Even if you are in a situation where you need to quickly board up windows, there are storm panel screw kits you can use to get the job done fast and help long-term. These pre-assembled kits have a drill bit, driver, and panel screws to drill into the plywood, wing nuts to secure the plywood to the panel screws, and protector caps that can go over the panel screws so they can be left in the home exterior long-term.
You can also use the holes drilled from your lag screws or self-tapping wood screws as pilot holes for later installation of permanent hanger bolts.
If you have extra time before a storm, you can prime and paint the plywood so you can reuse it. Priming and painting will prevent deterioration from the rains and allow you to store the plywood in your garage for future hurricane seasons. If a hurricane isn’t imminent, designing and installing hurricane shutters is a more attractive, long-term solution as a project in the off season.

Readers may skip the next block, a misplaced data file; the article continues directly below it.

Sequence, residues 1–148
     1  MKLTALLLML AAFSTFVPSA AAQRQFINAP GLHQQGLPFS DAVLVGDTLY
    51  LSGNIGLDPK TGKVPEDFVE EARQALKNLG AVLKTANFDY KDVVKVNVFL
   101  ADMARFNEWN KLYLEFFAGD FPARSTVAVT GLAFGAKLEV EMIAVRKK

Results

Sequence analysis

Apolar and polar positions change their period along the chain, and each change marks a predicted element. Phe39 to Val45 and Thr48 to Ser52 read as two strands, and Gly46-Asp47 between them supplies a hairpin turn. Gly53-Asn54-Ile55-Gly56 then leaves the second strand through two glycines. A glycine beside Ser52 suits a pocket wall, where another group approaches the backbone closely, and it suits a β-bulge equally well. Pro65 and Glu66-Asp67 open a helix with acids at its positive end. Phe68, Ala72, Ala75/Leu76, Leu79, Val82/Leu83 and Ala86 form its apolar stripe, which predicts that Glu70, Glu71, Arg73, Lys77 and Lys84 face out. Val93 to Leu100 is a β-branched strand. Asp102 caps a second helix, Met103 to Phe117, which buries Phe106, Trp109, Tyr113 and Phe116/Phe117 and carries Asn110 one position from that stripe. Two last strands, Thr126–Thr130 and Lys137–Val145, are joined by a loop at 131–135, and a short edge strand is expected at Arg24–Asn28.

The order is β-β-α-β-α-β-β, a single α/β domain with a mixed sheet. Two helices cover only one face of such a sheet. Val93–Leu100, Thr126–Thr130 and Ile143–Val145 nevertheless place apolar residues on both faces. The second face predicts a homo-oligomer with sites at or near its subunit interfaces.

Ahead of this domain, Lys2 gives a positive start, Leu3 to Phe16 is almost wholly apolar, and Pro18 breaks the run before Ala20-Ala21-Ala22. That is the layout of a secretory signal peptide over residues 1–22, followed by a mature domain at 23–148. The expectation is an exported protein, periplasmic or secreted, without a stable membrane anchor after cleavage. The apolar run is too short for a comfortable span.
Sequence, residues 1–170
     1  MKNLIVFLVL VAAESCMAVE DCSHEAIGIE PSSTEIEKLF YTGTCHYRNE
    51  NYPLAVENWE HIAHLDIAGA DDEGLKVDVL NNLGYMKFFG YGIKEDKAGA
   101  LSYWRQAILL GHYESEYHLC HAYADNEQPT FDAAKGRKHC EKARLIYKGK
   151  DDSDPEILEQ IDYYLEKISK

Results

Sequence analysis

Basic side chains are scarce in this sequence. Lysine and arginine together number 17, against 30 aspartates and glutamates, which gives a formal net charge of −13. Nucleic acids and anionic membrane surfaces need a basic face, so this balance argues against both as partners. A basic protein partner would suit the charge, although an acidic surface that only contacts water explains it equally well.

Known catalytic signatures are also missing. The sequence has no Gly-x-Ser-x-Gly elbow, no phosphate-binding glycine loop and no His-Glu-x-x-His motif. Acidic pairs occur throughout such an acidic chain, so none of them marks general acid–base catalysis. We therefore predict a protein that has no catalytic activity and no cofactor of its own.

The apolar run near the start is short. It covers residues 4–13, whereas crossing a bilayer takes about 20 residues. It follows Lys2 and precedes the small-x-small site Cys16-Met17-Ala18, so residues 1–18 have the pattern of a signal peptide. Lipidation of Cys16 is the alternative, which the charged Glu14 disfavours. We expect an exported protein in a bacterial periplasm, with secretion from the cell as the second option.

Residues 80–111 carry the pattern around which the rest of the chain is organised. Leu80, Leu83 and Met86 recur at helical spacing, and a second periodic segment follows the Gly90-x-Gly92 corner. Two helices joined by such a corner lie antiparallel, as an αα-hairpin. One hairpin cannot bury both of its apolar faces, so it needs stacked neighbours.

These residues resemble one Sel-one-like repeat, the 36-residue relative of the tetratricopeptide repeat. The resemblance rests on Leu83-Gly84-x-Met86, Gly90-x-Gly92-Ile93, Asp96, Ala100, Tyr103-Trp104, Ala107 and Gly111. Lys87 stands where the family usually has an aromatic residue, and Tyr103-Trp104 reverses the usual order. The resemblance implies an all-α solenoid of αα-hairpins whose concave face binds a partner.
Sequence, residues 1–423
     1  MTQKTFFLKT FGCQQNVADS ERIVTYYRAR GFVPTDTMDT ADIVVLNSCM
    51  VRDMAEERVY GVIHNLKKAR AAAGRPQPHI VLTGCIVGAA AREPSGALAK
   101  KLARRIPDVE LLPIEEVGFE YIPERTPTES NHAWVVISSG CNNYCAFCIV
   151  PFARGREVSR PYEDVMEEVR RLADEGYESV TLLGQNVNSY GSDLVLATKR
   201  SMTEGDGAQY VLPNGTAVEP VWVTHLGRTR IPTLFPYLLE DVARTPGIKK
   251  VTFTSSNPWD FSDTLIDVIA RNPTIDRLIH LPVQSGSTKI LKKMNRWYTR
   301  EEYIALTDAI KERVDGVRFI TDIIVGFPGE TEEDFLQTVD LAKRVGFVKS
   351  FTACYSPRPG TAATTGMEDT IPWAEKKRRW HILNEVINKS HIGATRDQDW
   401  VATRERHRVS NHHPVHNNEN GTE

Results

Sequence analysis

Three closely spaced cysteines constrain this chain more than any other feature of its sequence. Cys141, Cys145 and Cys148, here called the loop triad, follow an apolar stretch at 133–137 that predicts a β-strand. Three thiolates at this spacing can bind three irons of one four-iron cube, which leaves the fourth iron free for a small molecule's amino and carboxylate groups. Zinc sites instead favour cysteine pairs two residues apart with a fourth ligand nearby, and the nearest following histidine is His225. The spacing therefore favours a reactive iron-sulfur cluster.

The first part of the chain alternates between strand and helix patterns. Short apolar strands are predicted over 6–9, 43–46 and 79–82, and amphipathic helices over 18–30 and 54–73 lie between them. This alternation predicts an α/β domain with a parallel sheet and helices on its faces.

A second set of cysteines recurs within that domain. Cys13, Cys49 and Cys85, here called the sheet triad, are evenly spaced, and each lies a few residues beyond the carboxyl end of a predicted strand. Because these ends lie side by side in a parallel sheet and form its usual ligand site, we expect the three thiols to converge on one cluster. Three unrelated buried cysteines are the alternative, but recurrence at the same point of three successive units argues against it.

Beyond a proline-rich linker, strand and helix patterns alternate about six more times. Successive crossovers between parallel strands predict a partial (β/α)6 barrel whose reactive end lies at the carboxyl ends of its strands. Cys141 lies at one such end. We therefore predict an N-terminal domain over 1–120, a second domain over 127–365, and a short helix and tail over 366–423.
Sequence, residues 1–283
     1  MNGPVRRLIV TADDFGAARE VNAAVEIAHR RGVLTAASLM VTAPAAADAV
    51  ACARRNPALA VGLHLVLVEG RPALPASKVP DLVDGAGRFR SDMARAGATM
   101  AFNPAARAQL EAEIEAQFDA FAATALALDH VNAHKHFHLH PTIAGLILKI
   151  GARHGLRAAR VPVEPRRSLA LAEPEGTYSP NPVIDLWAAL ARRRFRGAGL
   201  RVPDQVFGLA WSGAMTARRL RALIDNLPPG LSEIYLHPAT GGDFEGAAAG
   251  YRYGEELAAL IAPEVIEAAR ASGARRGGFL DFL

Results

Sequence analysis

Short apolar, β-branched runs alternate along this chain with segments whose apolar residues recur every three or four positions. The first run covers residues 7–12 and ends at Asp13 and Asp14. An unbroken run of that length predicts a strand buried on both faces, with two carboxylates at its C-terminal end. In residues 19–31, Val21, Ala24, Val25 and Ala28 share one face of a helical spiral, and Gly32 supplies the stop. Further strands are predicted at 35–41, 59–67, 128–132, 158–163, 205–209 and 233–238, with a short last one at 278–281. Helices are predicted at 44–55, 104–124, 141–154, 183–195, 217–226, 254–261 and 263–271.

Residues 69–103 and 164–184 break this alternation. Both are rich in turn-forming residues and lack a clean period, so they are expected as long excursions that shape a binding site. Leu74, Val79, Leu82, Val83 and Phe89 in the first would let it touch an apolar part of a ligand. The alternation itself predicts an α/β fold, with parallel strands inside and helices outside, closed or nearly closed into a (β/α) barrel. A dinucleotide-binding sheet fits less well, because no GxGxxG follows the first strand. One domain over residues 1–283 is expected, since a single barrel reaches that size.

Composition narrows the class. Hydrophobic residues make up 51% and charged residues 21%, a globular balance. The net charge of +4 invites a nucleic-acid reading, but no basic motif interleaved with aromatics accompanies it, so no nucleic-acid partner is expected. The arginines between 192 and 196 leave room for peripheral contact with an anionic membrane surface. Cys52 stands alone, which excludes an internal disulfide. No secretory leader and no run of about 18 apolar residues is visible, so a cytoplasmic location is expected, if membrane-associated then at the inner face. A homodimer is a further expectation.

The McCoy’s team has been serving the coastal region since 1927. We’ve weathered storms together with our coastal communities and developed a crisis management strategy that allows us to take a companywide approach to leveraging both products and people. It’s always our goal to serve our communities as safely and quickly as possible. Whether you’re preparing for a distant possibility or an approaching storm, our stores are well-equipped with employees to help with whatever you need.